A house for up to 20 refugees could still be created despite being previously turned down by Hartlepool Borough Council.
Developers want to turn a former hostel in Tankerville Street into a home of multiple occupancy as part of a government contract to temporarily house asylum seekers.
Planning permission for a change of use and alterations inside was refused by Hartlepool Borough Council’s planning committee in September.
Councillors did not object to the prospect of it housing refugees, but felt the area was not suitable due to its high crime rate, in particular sexual offences.
They were also unhappy that they had no control that the house would always be used mainly for women and children.
Now the developer, Stockton-based Jomast, has launched an appeal which, will be decided by a government-appointed inspector.
Stuart Monk, a director of Jomast, told the Mail: “The council officers recommended the scheme for approval and we believe there are no grounds to refuse it which is why we are appealing it.
“It is a building that has been unoccupied for the last 15 years. Its former use was a homeless persons hostel.
“The [new] use is entirely consistent with the former use.”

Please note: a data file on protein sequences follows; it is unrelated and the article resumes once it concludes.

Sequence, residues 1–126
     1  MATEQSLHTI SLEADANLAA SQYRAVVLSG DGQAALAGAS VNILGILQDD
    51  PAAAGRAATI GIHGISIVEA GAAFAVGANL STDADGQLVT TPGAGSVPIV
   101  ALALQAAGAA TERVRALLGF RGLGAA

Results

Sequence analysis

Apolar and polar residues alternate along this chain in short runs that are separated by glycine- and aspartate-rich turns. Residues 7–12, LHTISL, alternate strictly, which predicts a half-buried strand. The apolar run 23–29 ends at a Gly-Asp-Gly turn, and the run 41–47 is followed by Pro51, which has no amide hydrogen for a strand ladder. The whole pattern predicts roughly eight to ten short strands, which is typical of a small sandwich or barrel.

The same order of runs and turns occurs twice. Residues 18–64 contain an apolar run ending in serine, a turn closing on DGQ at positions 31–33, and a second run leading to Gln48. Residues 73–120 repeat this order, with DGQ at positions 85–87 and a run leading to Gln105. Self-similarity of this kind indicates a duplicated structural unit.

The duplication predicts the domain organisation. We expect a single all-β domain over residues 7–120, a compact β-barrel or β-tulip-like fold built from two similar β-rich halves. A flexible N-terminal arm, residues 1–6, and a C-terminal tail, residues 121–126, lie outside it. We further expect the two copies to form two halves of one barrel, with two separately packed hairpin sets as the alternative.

In refusing permission, planning councillors cited a lack of parking and fear of crime.
The meeting heard Victoria Ward, which includes Tankerville Street, is one of the top five wards with the highest rates of crime and anti-social behaviour in the town.
Minutes from the meeting when it was refused state: “Members were concerned at the inability to monitor future occupiers.”
They add: “They refused the application unanimously on the basis of insufficient parking and fear of crime.
“They also highlighted the high rate of sex crimes in the area and felt it was not a suitable premises for the intended use.”
Jomast Accommodation Limited has a contract with G4s/the Home Office to provide temporary accommodation to asylum seekers who arrive in the country.
In appeal documentation Jomast says: “There is no suggestion that the street scene would not be visually enhanced by the development.
“On the contrary the proposal would remove the blight of a large building standing empty with the associated problems this may involve, including potential ant-social activity, and provide much needed secure accommodation for vulnerable people.”
The appeal will be decided by written representations.
Jomast has also submitted a claim for its costs to the council.